- Winged euonymus, Winged burning bush, Winged wahoo, Winged spindle-tree
- Celastrus alata
- A branching, deciduous shrub with an erect habit. Compact, 6-9 feet tall.
- finely toothed
- autumn color bright scarlet red
- green to brown
- corky wings
- Creamy white to green flowers with four petals. Flowers are .25 to .33 inches wide. They grow in clusters borne from the leaf axils.
- cluster of 4 pods
- purplish seed coat
- splits to reveal orange aril (fruit)
- escapes from planted landscapes
- light shade to full sun
- tolerates full shade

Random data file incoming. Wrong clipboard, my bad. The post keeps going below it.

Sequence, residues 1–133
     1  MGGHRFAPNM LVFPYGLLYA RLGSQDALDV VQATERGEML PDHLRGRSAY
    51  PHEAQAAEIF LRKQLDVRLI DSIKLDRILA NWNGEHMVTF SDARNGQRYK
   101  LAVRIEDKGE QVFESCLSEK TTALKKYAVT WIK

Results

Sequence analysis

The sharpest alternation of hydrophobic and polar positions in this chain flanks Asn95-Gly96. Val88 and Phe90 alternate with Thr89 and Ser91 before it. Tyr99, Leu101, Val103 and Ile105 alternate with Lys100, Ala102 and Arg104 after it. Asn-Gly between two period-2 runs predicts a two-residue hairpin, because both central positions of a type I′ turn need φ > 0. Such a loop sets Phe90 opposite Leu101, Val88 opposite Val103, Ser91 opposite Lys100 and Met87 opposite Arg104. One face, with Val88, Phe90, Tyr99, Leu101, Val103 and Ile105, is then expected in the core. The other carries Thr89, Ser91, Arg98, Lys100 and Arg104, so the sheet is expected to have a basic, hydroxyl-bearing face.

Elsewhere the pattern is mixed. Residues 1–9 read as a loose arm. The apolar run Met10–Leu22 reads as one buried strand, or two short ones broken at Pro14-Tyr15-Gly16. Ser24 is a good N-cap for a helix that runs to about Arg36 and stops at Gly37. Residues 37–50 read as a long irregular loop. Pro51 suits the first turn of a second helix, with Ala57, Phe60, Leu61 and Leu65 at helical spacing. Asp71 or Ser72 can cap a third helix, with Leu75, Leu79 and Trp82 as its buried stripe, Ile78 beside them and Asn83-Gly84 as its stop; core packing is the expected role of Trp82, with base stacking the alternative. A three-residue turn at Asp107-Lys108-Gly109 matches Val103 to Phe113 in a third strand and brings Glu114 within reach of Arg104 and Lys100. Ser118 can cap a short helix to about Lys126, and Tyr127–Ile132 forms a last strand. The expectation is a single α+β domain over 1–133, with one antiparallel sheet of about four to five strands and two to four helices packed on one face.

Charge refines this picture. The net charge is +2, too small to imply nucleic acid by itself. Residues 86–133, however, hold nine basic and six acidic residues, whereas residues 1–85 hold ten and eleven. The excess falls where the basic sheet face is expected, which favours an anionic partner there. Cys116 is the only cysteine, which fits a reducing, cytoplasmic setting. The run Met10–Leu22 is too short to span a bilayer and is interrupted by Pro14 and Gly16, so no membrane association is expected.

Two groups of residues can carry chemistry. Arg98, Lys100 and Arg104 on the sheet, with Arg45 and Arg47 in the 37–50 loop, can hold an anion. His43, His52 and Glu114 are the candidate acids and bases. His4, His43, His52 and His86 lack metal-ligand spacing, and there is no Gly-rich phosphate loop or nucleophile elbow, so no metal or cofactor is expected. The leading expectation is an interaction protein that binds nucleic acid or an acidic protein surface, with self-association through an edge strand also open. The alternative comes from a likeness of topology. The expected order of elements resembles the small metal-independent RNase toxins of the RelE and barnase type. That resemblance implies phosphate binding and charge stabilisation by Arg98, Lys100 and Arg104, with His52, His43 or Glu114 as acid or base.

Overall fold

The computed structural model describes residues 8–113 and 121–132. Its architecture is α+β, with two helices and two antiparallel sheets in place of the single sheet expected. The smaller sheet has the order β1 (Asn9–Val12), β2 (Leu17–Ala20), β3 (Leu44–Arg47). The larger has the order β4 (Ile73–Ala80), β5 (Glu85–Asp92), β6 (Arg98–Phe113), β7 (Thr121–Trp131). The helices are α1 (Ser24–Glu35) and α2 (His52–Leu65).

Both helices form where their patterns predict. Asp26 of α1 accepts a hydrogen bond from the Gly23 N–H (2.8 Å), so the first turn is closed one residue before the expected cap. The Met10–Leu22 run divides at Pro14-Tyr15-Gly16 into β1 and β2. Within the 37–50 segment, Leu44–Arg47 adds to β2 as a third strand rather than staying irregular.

- abundance in calcareous soils
- old fields
- open woods and floodplain forests
- birds spread the seed
- seeds also drop underneath the plant
Key ID Features:
- deciduous shrub
- winged stems (some cultivars may lack wings)
- red fall color
- corky twigs
- orange fruit
- white to green flowers
- Burning bush is the only local species with winged stems.
- Flowers are relatively inconspicuous. Burning Bush or Winged Euonymus can take over open woodland habitats creating a monoculture as it pushes out native shrubs. Due to its matted, dense root system, and dense shade, few other plants can succeed beneath Burning bush.
- Some younger plants or cultivated varieties may lack the winged stems.
- On Nantucket, two individuals are known in the wild.
Growth Form: Shrub
Origin: Japan, China
Level of Invasiveness for Nantucket: Potential Invasive
Level of Invasiveness for Massachusetts: Invasive
Massachusetts Cultivation Restrictions: importation ban July 2006, propagation ban January 2009